This blog was started as a way of keeping you, dear reader, up to date on my efforts to get The Louise Log out to a wider audience. (The urgency to reach more viewers is financial - this show needs to become self-sustaining in order to continue.)
I thank you for giving me a wide berth as I’ve gone down meandering paths into my past life, trying to see if there’s some obvious pattern at work here and, if so, how I might be able to break it.
The good news is that, in spite of me and my personality still at the helm, we have a very exciting plan in the works which I’ll be able to say more about in the next week or so.
Until then, here’s some of what I’ve learned from making this show.
I used to routinely face a wall of anxiety too tall to see over and too wide to get around. The only possible way to deal with this is, obviously, was avoidance, otherwise known as procrastination. As you may have read, in what is by any standards an epic mastery of this approach to life, I managed to stretch out the rewrite of the script for my ‘second feature’ for SEVENTEEN YEARS. Making The Louise Log taught me a number of tools to deal with this demon.
Tool #1 is limitations. Having ‘wasted’ so many years on one miserable script, I was like an over-primed pump ready to explode. It helped that I was fifty-five years old and well aware that people start dying at that age. So before mine got me, I started to set my own deadlines. Mr. Green had been writing a blog once a month for years. I decided that I’d make one video a month.
Tool #2 is a variation on Tool #1: Start where you are with what you have.
In film, I’d worked with Camera Operators and Directors of Photography. I knew nothing about shooting and less about video. Furthermore, in 2007, no self-respecting filmmaker was shooting video with a camcorder and putting it up on YouTube. Fortunately, as previously outlined, I had the gift of desperation. There was the family camcorder which, guess what? Like cell phone cameras, camcorders are point and shoot. A two year old could press the two buttons and probably get something worth looking at.
I’d worked as a film editor and had always been intimidated by video editing. Apple’s imovie is so simple, two year olds can now edit the video they’ve shot. I went to the Apple Store’s One-to-One sessions and learned imovie until I broke it with overly complicated sound tracks. Then I learned Final Cut Pro.
Which brings me to Tool #3: Baby Steps
If the first episode had been with more than one actor, I probably would have broken out in hives and cancelled the shoot for not being able to breathe.
But by the fourth episode I was working with two actors. By the fifth episode, there were four actors (two of them children), props, several shots crossing the very busy Seventh Avenue and a rented location (the local public school),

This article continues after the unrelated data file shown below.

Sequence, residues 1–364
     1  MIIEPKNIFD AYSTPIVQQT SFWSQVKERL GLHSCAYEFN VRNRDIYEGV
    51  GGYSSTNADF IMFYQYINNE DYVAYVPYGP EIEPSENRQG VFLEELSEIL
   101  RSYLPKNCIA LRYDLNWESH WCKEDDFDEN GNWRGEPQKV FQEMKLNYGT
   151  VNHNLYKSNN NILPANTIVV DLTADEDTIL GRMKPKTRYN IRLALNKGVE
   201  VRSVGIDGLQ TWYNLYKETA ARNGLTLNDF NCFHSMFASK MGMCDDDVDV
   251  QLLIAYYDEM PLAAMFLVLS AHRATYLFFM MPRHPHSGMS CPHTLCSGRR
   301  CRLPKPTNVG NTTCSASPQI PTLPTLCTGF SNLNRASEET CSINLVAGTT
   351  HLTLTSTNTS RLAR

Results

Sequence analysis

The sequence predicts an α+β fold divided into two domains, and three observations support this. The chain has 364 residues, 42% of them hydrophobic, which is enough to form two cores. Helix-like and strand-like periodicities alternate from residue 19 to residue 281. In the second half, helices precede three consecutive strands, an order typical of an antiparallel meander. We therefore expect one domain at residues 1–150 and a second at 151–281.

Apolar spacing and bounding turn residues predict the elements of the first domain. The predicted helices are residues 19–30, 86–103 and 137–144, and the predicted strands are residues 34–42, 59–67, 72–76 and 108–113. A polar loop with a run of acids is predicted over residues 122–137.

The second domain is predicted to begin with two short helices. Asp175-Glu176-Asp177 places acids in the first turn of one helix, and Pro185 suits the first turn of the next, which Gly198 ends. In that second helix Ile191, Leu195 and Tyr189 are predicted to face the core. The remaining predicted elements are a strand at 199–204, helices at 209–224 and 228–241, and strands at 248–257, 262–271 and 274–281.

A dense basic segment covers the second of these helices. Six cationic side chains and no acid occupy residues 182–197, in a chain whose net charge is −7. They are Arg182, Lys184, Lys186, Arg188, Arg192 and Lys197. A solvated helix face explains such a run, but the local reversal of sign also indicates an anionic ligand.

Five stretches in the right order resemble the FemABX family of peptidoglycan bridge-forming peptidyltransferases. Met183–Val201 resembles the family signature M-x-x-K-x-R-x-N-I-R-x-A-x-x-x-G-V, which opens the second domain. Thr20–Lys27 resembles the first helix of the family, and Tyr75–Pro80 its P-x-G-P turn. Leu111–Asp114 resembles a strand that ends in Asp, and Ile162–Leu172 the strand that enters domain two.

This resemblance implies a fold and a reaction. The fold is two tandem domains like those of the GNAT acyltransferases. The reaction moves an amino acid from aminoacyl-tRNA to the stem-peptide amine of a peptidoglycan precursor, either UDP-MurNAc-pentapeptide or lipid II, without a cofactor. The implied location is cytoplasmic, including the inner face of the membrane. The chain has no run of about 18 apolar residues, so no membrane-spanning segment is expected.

By episode forty-three we had four SAG actors in their underwear, a fifth (fully clothed) SAG actor 900 miles away on Skype and a crew of five.
Tool #4: Practice Makes Perfect. Well, yes and no.
On the one hand, working constantly, my craft exploded. I learned more making The Louise Log than in making all my other films combined.
But a great thing about digital technology is that you don’t have to get it right the first time. Or even the seventeenth. For Season One, we didn’t have a professional sound mixer on set. The sound for the first seventeen episodes was whatever the camcorder picked up. In the episode in the Principle’s Office (12), the air conditioning noise was so invasive, it ruined an otherwise strong episode. Yes we had to lose thousands of views, but we took down the original uploads of almost all the sub-par audio, dubbed them and re-uploaded a lot of Season One.
Tool #5: Collaborate and Ask For Help
Digital technology makes it possible for one person to do almost every job. Please don’t ask how I know this. Unfortunately, the chances of a one-person project reaching a wide audience are greatly diminished. If only for the (extremely important) fact that the marketing and promotion will be easier if a lot of people are involved and invested, work with a group.
Tool #6: Story Trumps All
Make sure the script is strong or make sure you have the leeway to salvage it in the editing if it isn’t. A voice-over saved us more times than I can count.
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